‘Responsibility of all to work for conservation,’ says EAD Managing Director


ABU DHABI, 6th October, 2019 (WAM) -- The challenge of conservation of the world’s fauna and flora "transcends borders – and it is the responsibility of us all to work together in securing a future for the next generation and beyond," Razan Al Mubarak, Managing Director of the Environment Agency – Abu Dhabi, EAD, said today.

She was speaking at the opening session of the 4th conference of the Species Survival Commission of the International Union for the Conservation of Nature, IUCN, which began this morning.

"At a time when some are questioning the very existence of the environmental threats that are damaging our Earth, we must work to provide unbiased evidence that empowers sound decision-making for the sake of our planet," Al Mubarak said. "And we need to do this in a framework where every level of society can engage including governments, civil societies, indigenous communities, and our youth."

"While globally, there is progress on addressing certain issues such as plastics pollution, climate change awareness and the increasing pressure the youth of the World are placing on the leaders of the World to act decisively and to respond to the challenges of climate change," she added. "Sadly we have also seen the almost unfettered burning of tropical rainforests and an acceleration in the rate of species extinction. Including species upon which our own survival may well depend, such as the humble honey bee and a myriad of pollinators."

According to a recent report, Al Mubarak said, "One million animal and plant species are threatened with extinction - more than ever before in human history - the main, immediate threats to species are the same traditional, exacerbated threats that have endangered species for as long as the conservation movement has been around, over-exploitation, habitat destruction, human development and all the pressure it puts on nature and biodiversity. Climate change is an added threat, but focussing only on climate change, will not save many species from extinction."

EAD is a leading member of the IUCN, an international organisation to which 90 countries belong, along with over 1,000 state agencies and non-governmental organisations. It established its Species Survival Commission, SSC, to focus on threatened species, with the first meeting of the IUCN – SSC chairs being held in Abu Dhabi 11 years ago. Subsequent meetings were held in 2012 and 2015.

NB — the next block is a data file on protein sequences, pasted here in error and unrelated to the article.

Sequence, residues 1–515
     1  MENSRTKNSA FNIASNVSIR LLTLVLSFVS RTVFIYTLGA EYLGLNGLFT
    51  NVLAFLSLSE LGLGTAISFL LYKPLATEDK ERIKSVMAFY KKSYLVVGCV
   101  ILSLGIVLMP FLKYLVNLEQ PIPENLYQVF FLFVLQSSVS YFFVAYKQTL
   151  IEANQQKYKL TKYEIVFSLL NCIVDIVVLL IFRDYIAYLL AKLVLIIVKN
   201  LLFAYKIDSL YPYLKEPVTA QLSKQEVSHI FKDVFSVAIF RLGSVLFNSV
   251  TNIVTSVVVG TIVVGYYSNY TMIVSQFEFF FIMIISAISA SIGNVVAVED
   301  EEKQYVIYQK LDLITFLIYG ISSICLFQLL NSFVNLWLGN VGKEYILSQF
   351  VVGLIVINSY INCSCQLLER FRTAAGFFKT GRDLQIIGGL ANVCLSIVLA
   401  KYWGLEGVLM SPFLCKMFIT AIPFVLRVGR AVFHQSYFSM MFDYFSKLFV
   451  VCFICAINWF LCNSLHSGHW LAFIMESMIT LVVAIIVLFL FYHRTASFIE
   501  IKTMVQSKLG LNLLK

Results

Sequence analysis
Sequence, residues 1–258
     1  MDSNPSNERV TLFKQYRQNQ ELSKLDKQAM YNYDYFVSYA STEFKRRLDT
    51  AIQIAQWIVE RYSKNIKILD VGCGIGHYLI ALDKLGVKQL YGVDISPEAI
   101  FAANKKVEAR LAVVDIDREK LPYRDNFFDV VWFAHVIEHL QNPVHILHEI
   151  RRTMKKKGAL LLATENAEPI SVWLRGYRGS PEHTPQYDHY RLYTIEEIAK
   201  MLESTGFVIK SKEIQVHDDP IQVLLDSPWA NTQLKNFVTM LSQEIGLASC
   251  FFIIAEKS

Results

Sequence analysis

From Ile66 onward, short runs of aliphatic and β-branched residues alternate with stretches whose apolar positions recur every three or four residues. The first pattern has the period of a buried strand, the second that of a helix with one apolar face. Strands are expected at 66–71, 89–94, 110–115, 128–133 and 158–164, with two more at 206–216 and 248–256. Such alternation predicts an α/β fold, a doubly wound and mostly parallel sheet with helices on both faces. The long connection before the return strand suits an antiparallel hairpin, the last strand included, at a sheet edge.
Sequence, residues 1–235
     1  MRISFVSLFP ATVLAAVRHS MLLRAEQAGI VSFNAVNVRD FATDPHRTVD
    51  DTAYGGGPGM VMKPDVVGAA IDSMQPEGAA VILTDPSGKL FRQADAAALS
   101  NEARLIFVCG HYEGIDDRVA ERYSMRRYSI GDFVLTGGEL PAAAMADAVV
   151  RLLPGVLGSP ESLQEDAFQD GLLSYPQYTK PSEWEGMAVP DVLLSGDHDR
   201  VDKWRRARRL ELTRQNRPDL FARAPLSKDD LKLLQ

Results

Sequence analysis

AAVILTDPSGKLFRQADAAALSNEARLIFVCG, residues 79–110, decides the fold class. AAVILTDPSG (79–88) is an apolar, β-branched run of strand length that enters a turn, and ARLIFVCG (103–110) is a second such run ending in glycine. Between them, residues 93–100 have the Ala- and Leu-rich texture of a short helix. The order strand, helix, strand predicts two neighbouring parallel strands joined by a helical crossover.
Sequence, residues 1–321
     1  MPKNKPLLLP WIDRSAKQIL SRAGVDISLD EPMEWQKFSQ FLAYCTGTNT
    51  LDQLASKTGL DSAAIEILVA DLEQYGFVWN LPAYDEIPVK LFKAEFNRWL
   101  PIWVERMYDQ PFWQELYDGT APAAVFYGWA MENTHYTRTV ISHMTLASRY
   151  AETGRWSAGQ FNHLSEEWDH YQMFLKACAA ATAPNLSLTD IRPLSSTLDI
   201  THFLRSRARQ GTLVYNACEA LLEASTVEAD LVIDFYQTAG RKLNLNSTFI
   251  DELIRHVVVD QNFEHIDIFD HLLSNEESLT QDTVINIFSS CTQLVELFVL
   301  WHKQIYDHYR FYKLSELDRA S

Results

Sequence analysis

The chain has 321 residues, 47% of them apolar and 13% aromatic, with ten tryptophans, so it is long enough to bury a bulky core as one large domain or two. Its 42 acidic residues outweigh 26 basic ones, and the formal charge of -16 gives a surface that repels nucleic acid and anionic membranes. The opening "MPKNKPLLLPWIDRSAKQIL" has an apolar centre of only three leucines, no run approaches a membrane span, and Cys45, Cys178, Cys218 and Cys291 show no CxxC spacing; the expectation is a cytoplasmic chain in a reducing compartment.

At the 2011 meeting, she noted, "The seeds for the Mohamed bin Zayed Species Conservation Fund were sown. We learned from you what you needed to help facilitate your species conservation efforts," she told her audience of around 400 conservationists from around the world.

Since 2009, the Fund has supported more than 2,000 grants with almost US$20 million dollars going to 1,300 species and subspecies."

"Our initial support to the SSC was born from the emotional, spiritual connection of our Nation and its Leaders to nature and its inhabitants. It was not born from a strategic plan, or prioritisation exercise. It was born from our understanding that there is no future where there is no biodiversity and people."

Al Mubarak went on to note that in the Arabian and Gulf region, there was first-hand evidence of the decline and extinction of species. In 2008, she recalled, the Saudi Gazelle was declared extinct by IUCN, while in the UAE, the Hawksbill turtle and the Arabian Leopard are both classed as "Critically Endangered" on the IUCN Red List. Other species are also facing threats, she added, citing the example of the Hammour, or Orange Spotted Grouper, whose numbers are currently declining.

"The pressures upon our biodiversity seem only to increase, and we need to be ever vigilant," she said.

Efforts in the UAE, including those of EAD, have paid off to some extent, she went on. "Our waters are still home to the world's second largest population of dugong, our scientists and rangers have discovered several new species, and we are protecting more terrestrial and marine biodiversity than ever before." This has happened, she said, at a time when the country has also been undergoing rapid development.

The preservation of species does not only require better policies and international agreements. It also requires direct local action, Al Mubarak said, citing the example of the EAD-sponsored Scimitar-horned Oryx Reintroduction Programme in Chad, where over 200 animals have been introduced. The species was formerly classed by IUCN as Extinct in the Wild.

Emphasising what she called "the incredible power of cross-country collaboration to create environmental impact," Al Mubarak went on to say that EAD was "proud of its long-standing partnership with the IUCN."

"Together," she concluded, "we can raise awareness of our vital work in protecting the world’s most vulnerable species. And together, we can engage with everyone as we take forward our mission to protect the life that gives us life. Let us not delay and let us ensure our actions are meaningful and efficient, as extinction is forever."

WAM/PH

WAM/Esraa Ismail